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The rise and fall of Britain's most important industry
No one personified the age of industry more than the miners. The Shadow of the Mine tells the story of King Coal in its heyday - and what happened to mining communities after the last pits closed.
Coal was central to the British economy, powering its factories and railways. It carried political weight, too. In the eighties the miners risked everything in a year-long strike against Thatcher's shutdowns. Defeat foretold the death of their industry. Tens of thousands were cast onto the labour market with a minimum amount of advice and support.
Yet British politics all of a sudden revolves around the coalfield constituencies that lent their votes to Boris Johnson's Conservatives in 2019. Even in the Welsh Valleys, where the 'red wall' still stands, support for the Labour Party has halved in a generation.
Huw Beynon and Ray Hudson draw on decades of research to chronicle these momentous changes through the words of the people who lived through them.
About the Author
Huw Beynon is Emeritus Professor of Social Sciences at Cardiff University and author of, among other things, Working for Ford, which has become a classic.
Ray Hudson is Professor of Geography at the University of Durham and a decorated member of the Royal Geographical Society. His books include Approaches to Economic Geography, winner of the Regional Studies Association Best Book Award 2017.
“Brilliant … [Beynon and Hudson’s] analysis of the decline of British coal mining, and its social and political effects, is required reading for those who would speak for this working class.” —David Egerton, Times Literary Supplement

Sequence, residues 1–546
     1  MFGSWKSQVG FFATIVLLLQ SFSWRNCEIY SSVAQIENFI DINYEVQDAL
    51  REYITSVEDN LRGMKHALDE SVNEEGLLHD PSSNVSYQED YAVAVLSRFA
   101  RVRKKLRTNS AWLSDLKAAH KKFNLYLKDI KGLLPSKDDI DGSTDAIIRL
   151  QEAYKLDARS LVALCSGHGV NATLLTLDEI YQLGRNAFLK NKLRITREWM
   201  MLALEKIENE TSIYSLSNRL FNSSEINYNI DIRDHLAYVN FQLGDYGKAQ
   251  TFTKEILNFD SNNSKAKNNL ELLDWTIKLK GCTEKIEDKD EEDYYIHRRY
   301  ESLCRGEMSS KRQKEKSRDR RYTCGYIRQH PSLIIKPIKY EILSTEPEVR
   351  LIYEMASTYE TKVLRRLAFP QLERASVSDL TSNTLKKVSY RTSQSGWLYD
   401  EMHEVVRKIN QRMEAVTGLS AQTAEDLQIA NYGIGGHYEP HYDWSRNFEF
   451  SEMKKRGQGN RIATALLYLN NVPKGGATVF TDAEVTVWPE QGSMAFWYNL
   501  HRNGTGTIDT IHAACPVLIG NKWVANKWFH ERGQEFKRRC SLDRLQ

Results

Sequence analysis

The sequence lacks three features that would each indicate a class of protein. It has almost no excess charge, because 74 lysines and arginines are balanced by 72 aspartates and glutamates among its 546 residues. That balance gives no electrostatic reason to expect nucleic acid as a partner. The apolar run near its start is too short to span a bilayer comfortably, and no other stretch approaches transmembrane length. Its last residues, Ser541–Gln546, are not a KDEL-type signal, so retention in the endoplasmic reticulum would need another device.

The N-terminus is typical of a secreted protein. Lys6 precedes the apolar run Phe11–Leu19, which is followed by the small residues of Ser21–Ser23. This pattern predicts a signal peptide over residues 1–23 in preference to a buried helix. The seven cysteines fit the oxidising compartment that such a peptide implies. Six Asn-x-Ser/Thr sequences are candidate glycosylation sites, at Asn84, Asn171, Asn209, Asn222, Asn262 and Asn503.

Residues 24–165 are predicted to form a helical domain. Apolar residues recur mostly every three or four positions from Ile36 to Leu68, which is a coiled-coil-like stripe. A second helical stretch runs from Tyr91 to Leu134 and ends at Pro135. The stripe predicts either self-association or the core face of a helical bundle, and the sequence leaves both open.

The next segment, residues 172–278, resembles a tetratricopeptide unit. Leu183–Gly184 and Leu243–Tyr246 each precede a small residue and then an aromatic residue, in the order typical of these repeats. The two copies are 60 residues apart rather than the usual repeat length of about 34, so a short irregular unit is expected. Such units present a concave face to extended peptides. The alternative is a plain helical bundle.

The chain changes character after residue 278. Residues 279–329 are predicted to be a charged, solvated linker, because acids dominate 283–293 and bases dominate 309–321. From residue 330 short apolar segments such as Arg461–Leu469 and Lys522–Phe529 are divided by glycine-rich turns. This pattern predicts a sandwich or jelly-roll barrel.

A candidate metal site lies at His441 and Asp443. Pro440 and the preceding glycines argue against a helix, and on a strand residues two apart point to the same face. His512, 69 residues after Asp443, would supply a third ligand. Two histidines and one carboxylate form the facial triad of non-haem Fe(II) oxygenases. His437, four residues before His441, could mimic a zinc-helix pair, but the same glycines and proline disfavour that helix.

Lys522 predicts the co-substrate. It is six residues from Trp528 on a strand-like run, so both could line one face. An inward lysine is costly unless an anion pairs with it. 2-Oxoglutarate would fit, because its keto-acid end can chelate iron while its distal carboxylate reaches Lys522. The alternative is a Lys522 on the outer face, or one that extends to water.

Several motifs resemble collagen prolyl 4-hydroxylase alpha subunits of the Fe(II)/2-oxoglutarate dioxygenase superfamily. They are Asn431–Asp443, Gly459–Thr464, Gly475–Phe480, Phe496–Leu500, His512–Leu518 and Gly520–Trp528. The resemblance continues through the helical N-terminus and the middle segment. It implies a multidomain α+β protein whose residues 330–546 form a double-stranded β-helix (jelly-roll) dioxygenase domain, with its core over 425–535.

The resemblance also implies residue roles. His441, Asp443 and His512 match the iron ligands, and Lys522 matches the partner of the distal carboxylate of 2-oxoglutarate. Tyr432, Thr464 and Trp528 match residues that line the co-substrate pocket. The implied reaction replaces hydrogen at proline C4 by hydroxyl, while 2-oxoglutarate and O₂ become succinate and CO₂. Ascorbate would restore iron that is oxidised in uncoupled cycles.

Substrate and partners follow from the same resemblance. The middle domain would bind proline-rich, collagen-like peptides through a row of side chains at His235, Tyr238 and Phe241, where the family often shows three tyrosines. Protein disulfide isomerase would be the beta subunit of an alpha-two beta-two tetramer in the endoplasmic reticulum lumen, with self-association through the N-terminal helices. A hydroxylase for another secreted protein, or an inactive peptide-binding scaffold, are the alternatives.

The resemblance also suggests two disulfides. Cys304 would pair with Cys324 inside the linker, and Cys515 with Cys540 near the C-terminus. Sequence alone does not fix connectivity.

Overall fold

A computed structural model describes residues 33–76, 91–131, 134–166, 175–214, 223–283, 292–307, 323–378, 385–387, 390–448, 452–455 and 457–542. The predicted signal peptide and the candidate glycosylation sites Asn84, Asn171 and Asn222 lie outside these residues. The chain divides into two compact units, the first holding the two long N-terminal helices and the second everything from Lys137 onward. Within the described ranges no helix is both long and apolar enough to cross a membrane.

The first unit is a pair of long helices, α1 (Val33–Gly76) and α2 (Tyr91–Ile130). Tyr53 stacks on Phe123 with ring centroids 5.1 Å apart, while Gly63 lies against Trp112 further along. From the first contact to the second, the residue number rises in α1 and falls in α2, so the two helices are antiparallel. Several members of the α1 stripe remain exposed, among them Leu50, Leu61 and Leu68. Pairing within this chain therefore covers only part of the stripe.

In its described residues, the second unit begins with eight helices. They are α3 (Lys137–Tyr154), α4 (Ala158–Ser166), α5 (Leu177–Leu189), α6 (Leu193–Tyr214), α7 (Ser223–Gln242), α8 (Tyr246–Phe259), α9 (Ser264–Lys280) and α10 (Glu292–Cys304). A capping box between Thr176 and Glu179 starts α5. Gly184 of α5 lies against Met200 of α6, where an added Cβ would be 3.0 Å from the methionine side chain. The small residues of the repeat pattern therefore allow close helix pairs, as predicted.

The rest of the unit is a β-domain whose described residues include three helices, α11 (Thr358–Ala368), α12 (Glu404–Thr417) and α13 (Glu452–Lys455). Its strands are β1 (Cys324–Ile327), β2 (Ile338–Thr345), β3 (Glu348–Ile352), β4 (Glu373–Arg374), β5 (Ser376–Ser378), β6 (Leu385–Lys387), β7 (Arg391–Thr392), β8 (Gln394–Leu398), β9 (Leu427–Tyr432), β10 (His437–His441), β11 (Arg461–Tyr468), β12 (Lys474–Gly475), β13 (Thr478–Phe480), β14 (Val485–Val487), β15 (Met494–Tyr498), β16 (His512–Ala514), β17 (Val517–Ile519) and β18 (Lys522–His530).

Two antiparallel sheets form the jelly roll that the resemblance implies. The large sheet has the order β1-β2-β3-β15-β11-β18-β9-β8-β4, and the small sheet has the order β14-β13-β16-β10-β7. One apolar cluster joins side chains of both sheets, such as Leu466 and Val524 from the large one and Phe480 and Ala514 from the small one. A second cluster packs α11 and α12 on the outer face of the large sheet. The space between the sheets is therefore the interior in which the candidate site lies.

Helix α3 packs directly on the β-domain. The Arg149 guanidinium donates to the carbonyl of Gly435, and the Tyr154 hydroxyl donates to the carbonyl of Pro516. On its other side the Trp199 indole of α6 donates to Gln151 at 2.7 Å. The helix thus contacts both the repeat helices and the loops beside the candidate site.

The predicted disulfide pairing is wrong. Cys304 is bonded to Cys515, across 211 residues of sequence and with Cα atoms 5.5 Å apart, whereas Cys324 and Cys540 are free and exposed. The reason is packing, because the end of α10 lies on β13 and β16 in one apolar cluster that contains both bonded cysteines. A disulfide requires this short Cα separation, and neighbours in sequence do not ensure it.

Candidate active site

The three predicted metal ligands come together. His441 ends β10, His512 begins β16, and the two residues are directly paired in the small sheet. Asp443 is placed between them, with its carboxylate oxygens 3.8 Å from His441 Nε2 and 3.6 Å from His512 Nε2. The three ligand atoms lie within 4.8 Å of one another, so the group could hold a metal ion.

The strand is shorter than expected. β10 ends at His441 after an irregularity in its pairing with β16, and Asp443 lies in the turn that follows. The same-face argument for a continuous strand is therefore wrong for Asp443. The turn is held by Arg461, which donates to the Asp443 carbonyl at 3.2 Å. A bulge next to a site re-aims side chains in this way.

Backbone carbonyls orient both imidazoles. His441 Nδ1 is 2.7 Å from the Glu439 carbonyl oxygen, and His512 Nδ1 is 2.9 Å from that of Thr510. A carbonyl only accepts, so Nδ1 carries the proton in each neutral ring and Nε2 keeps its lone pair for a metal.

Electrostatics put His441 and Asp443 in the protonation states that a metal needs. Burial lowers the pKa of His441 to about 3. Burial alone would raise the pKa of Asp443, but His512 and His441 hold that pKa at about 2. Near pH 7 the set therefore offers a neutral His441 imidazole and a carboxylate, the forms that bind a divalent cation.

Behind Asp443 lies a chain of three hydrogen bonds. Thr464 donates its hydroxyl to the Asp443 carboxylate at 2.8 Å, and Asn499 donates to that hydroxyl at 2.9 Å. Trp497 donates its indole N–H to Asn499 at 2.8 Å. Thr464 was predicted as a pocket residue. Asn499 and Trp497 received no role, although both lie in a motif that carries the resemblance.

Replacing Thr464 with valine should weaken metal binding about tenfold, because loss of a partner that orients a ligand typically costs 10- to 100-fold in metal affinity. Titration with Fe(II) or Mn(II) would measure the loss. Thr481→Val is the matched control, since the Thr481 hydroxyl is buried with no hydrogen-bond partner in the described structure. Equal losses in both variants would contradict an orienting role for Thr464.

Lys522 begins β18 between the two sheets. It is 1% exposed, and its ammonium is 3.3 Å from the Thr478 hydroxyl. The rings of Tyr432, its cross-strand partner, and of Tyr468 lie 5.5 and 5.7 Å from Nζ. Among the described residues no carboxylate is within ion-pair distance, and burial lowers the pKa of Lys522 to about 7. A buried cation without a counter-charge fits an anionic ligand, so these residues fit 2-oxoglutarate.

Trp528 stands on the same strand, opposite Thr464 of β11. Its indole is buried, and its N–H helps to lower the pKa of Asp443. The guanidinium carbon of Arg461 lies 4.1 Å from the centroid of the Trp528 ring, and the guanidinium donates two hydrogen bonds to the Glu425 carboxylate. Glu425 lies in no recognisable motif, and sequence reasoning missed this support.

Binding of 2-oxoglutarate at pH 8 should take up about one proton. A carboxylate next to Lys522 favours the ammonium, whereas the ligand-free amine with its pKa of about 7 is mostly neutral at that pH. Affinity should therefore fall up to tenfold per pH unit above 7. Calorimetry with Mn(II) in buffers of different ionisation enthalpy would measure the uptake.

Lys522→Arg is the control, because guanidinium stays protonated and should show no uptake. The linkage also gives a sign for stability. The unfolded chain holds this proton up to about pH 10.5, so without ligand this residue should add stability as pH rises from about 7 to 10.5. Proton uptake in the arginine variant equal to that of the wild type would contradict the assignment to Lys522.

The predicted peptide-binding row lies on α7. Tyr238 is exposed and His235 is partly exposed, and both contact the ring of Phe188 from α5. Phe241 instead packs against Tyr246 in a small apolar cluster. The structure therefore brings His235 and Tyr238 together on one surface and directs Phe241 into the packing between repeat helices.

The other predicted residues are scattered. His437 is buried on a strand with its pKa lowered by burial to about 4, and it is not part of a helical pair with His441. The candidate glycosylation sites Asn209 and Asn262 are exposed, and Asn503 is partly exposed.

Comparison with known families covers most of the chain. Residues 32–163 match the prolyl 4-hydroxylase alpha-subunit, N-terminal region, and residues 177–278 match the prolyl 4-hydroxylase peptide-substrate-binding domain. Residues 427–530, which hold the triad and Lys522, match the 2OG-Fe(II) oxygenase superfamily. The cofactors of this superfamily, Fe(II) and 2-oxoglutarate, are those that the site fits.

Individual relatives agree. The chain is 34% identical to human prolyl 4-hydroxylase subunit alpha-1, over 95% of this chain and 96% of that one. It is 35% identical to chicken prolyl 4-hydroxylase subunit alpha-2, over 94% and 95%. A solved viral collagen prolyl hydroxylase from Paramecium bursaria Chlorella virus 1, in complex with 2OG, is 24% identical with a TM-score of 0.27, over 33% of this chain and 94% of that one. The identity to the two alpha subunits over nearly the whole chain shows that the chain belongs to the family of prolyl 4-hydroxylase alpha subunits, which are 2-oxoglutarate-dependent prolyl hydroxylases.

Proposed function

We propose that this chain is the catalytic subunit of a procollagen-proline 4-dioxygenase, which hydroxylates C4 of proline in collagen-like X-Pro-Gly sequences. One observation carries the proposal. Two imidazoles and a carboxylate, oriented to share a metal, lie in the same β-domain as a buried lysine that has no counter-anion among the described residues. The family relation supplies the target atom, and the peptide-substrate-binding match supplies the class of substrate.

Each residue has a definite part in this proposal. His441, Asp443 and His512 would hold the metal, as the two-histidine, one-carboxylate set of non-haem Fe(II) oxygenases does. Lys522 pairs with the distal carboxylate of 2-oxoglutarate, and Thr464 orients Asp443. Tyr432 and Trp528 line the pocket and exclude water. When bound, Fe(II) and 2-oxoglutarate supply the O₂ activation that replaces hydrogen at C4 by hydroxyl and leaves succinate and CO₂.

“The Shadow of the Mine reminds us why this spirit [of solidarity and collectivism] has lived on in the coalfields, in spite of people feeling a sense of political betrayal going back decades … enlightening.” —Conrad Landin, Guardian
“Refreshing and necessary … [The Shadow of the Mine] explains in loving, careful detail why working people’s relationship with Labour in former industrial communities … had become complex and ultimately soured.” —Laura Pidcock, Red Pepper
“Beynon and Hudson … write with authority and respect of the former mining communities of Britain.” —John Lloyd, Financial Times
“Starmer and his allies in Renaissance would do better to pick up a copy of The Shadow of the Mine … As Beynon and Hudson make clear, the succession of defeats inflicted on the trade unions over the last four decades has brought about the gradual fragmentation of old loyalties.” —Tom Blackburn, Tribune
“Drawing on decades of research … [The Shadow of the Mine] is a moving account of 150 years of coalfield history … By tracing the ‘deep story’ of the marginalisation of Britain’s coalfields, it aims to understand the continuing exclusion of working-class people in deindustrialised areas from political and social life.” —Diarmaid Kelliher, Antipode
“A solid account of the history of the coalfields in Durham and South Wales and the impact of deindustrialisation and closure upon them.” —Mike Phipps, Labour Hub
“A brave book … anyone interested in the transformation that has reshaped Britain’s former coalfields should read The Shadow of the Mine.” —Ewan Gibbs, Jacobin
“Considered, comprehensive and insightful … a book that deserves the widest distribution.” —Steven Andrew, Morning Star
“Elegiac … [The Shadow of the Mine] provides essential economic and social context for both the Leave vote in 2016 and the consequent collapse of the so-called ‘Red Wall.’” —Rhian E. Jones, Tribune
“The work of two outstanding ‘organic intellectuals’ of the very communities they are giving voice to … Anyone who wants to go beyond the ‘Red Wall’ platitudes of British politics ought to start with The Shadow of the Mine.” Spokesman
“Excellent.” —Robert Colls, New Statesman
“Superb and timely … full of lessons and insights for today.” —Steve Davies, New Socialist
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